23 candidate odorant receptors (OR) were identified in fish odorant receptor (FOR) subfamily of rhodopsins in Tetraodon. These OR genes are found in clusters of 3–4 members in the Tetraodon genome, located on different chromosomes. They display higher sequence identity within a cluster suggesting tandem duplication events might be responsible for OR gene family expansion in Tetraodon as observed in the genomes of every vertebrate organism investigated earlier, including zebrafish, mice and humans . Phylogenetic analysis of Tetraodon ORs with fish odorant receptor subfamily members (mainly zebrafish, channel catfish, Japanese pufferfish, medaka fish, goldfish etc) grouped them into six clusters of orthologues with very high boot strap support (Figure 5). In teleost lineage, different members of FOR subfamily have shown species specific gene expansion. For example, there is a large group of FORs with 18 zebrafish members, 6 catfish members, 4 medaka fish and one each of Tetraodon and channel catfish. Another group consists of 12 Tetraodon members, 2 medaka fish members and one each of goldfish and Japanese pufferfish (Figure 5). High differences in numbers of OR genes in specific fish reflect creature-specific lifestyle and these receptors are responsible for binding ligands important to a particular species [18–20, 25].
We have identified and analyzed repertoire of Tetraodon GPCRs and found high level of orthology with human counterparts. The human and Tetraodon GPCR sequences are analogous in terms of GPCR subfamilies, but display disproportionate number of receptors at the subfamily level. The teleost genome, with its expanded set of GPCRs, provides an additional and interesting model to study both evolution and function of these receptors. The availability of repertoire of Tetraodon GPCRs will facilitate further studies through "functional genomics" and "reverse pharmacological" strategies to match their cognate ligands and to elucidate biological functions. Systematic mutation of Tetraodon GPCRs will help to determine their neural, developmental and behavioral roles. They might also yield novel insights into the physiological functions and mutational pathologies of their human homologues in particular and other vertebrate homologues in general.
Identification of Tnig-GPCRs
Sequences of the Tetraodon nigroviridis are obtained from NCBI and Genoscope Tetraodon Genome Browser . HumanGPCR sequences were identified using GPCRDB  (Release 8.1) and based on earlier studies [7, 19, 23, 31]. GPCRs were identified using comprehensive approach (Figure 1) that includes RPS-BLAST  (using CDD v2.01 : SMART , Pfam  and COG Databases; E-value cut-off 10-5), Hmmpfam of HMMER 2.3.2  (using Pfam15; E-value cut-off 0.01) and BLASTP  homology comparisons against GPCRDB. Putative GPCR sequences were manually checked for GPCR specific patterns and presence of 7TM domain (at least 70% or more of Pfam 7TM should be aligned with each of the sequence). This is followed by secondary structure (transmembrane helix(TMH)) predictions using one or more methods like HMMTOP , SOSUI , MEMSTAT  and TMHMM2 . A range of 6–8 predicted TM helices acquired maximum coverage (96 percent; please see Additional data file 4 for details) when tested on a dataset of 327 annotated human GPCRs. A similar range was set to recognize acceptable tetraodon protein sequences containing transmembrane domain. Other examples, that either have under predicted or over predicted number of TM helices are earmarked separately ('#' symbol) in the current analysis. Splice variants, polymorphism and duplicates were eliminated by applying 90% sequence identity cut-off using CD-hit  and also checked manually. The corresponding genomic DNA sequences were also searched against the EST database at NCBI using BLASTN with a cutoff E-value of 1e12 . We could not obtain any Tetraodon nigroviridis EST hits, as there were few or no Tetraodon nigroviridis EST sequences available in the database.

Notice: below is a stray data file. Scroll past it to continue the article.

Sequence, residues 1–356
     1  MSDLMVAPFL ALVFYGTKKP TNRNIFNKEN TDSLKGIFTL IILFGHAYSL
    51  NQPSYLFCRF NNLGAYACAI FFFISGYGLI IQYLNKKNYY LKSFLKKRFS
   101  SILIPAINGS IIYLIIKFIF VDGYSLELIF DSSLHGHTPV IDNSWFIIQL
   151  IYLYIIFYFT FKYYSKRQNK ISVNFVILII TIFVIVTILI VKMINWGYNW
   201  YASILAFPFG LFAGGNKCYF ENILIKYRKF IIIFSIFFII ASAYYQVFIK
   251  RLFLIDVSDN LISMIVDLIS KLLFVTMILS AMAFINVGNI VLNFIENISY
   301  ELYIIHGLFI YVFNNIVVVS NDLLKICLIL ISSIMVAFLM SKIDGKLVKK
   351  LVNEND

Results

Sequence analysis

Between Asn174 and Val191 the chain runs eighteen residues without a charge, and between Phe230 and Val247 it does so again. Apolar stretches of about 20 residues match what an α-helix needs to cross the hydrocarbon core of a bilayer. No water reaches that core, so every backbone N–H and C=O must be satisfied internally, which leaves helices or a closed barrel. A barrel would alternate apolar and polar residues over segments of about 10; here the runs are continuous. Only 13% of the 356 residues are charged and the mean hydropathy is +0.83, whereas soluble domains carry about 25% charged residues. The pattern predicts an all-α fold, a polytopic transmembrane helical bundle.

Two genes, A from genome GA and B from GB, were considered orthologs if B is the best match of gene A in GB and A is the best match of B in GA using BLASTP .
Preliminary phylogenetic analysis  was performed using neighbor joining method with fewer number of bootstrap replicas and no randomization of sequence order. This was sufficient to separate GPCR sequences into rhodopsin like receptors and non rhodopsin like receptors. Rhodopsin like receptor and non-rhodopsin like receptor sequence datasets (separately full length and 7TM domain only), along with respective human GPCRs, were separately randomized twenty times with regard to sequence input order using a script called RandSeq (available upon request). These twenty datasets of different sequence order were aligned using clustalX 1.83  using multiple sequence alignment parameters with protein weight matrix BLOSUM series, gap opening penalty 10.0 and gap extension penalty 0.05 and delay divergence of 35 percent. To obtain unrooted trees, each alignment was bootstrapped 50 times and neighbor joining method (NEIGHBOR; Phylip package ) was employed to obtain tree topology using distance matrices obtained from alignments by PRODIST . Consensus tree was obtained from 1000 neighbor trees using CONSENSE . Only 500 boot strap replicas were used for rhodopsin like receptors due to limitations in the CONSENSE program and the trees were generated using Treeview . Maximum-likelihood tree of non-rhodopsin like receptors were also inferred from the alignment using TREE-PUZZLE . 10,000 quartet-puzzling steps were performed to obtain support values (reliability) for each internal branch.
R.S. is a Senior Research Fellow of the Wellcome Trust, UK. M.R.P.R. is a Senior Research Fellow of the Council of Scientific & Industrial Research (CSIR), India. We thank Ms. G. Mahima (BITs, Pilani) for GPCR pattern work and Mr. Nitin Gupta (UCSD) for coding a Java script to generate figure 2. We thank Tetraodon Sequencing Project for public availability of sequencing data. We also thank NCBS-TIFR for infrastructural support.